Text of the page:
Bald, British big-wig producer Brian Eno is back with a new solo album. Having served a short tenure as the keyboardist and master of all things synthesizer in the exalted Roxy Music, Eno’s street cred in the music biz is pretty much as golden as you can get. He has curated a festival in Australia, scored films (“The Lovely Bones”) and produced for some of the most titanic names in music (Coldplay, U2).

Brian Eno

Small Craft on a Milk Sea

Eno pioneered electronic art-pop in the 1970s with albums like Here Come the Warm Jets and Taking Tiger Mountain (By Strategy) that were highly influential and stylistically ahead of their time. But Eno is also known for a lingering interest in constructing what he calls “sonic landscapes.” He has put out several “ambience” albums, minimalist in instrumentation but complex in atmosphere and 100 percent lyric-free. His latest, Small Craft on a Milk Sea, is a spare, spacey and emotive array of tracks that are most effective when listened to in their collective entirety.

Don’t expect the glam melodic punch of a “Prairie Rose” or the grandiose pop of a “Life is Long” on this album. However, if you have ever wondered what a robot’s thoughts sounded like, Small Craft on a Milk Sea would be a good starting point.

“Flint March” sounds perfectly suited for the backdrop of a “Battlestar Galactica” chase scene. The looping synth provides the foundational backbeat, as the percussion and screeching who-knows-what slowly climb to a tense, frantic crescendo. Spaceship industrial bleeps puncture the song, adding to its futuristic space-age sound.

“2 Forms of Anger” begins with a beatboxing drum loop and smatterings of bongos underneath a white-noise soundscape. As the bongos speed up, a distorted electric guitar is introduced for the first rocking sound on the record. With uncharacteristically traditional electric guitars and drums, Eno tempts listeners into thinking a melody will emerge somewhere amidst the chaos. But alas, once it all culminates in the most traditionally rock‘n’roll sound on the album, it abruptly ends.

The album has clear shifts in emotional direction; the anxious and choppy tone of the first half mellows out considerably to a sweeping, relatively serene (but still eerie) second half.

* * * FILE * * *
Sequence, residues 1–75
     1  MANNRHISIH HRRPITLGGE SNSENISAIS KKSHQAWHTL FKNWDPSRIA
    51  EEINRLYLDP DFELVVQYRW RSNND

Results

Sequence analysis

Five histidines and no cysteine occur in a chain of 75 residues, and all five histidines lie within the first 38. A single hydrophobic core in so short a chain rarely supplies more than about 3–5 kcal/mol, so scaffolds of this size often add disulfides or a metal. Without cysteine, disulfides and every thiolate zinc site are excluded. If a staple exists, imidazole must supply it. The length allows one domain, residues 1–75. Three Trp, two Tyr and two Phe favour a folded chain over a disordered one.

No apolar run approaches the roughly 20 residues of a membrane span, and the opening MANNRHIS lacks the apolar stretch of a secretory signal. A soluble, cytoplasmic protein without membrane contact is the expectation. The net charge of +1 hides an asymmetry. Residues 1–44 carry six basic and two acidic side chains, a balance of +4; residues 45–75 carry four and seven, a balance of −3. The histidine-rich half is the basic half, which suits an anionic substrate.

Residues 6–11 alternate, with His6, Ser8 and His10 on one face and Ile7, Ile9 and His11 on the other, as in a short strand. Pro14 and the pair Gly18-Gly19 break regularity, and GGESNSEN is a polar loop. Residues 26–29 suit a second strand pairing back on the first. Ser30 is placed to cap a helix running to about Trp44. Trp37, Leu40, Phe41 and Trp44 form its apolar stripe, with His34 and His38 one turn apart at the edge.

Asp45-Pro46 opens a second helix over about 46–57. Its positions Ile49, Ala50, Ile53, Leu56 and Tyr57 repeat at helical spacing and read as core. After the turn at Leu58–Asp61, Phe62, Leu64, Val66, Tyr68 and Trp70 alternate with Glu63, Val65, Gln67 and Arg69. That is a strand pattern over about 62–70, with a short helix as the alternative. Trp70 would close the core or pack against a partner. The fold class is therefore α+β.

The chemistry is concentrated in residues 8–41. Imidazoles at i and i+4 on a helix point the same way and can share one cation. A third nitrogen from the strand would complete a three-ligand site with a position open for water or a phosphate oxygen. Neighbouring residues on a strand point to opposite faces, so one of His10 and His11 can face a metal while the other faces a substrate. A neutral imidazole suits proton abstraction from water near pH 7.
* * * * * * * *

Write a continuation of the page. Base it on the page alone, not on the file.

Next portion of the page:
“Bone Jump” sounds like the score to a robotic version of “Law & Order.” The clean bass line cuts through the rudimentary drum track while the old-school synth and creepy ascending notes add an element of suspense to the song. By the time the track comes to a close, it sounds less “Law & Order” and more like the score to the original “A Nightmare on Elm Street.”

Milk Sea is unlike anything in popular music today; it requires patience and a high level of tolerance. Let’s just say you’re not going to blast it in your car stereo while cruisin’ the strip anytime soon, unless you live on Jupiter. There are no singles, no standout pop-oriented tracks, no booming choruses or jangly guitars. The peculiar space sonics are finely crafted and pristinely layered (thanks to two collaborators Jon Hopkins and Leo Abrahams), but they aren’t something you can whistle on your way to class.

Though there isn’t the instant gratification of easy-to-love tunes, Small Craft on a Milk Sea lends poignancy to the most ordinary of activities. Listen to it while walking down the street; suddenly the tedious scenes of everyday life are given movement, the most mundane activities are ennobled. That is the key to an ambience album: It allows you to see and feel from a different perspective. Brian Eno can do that better than almost anyone.

Leave a comment

Your email address will not be published.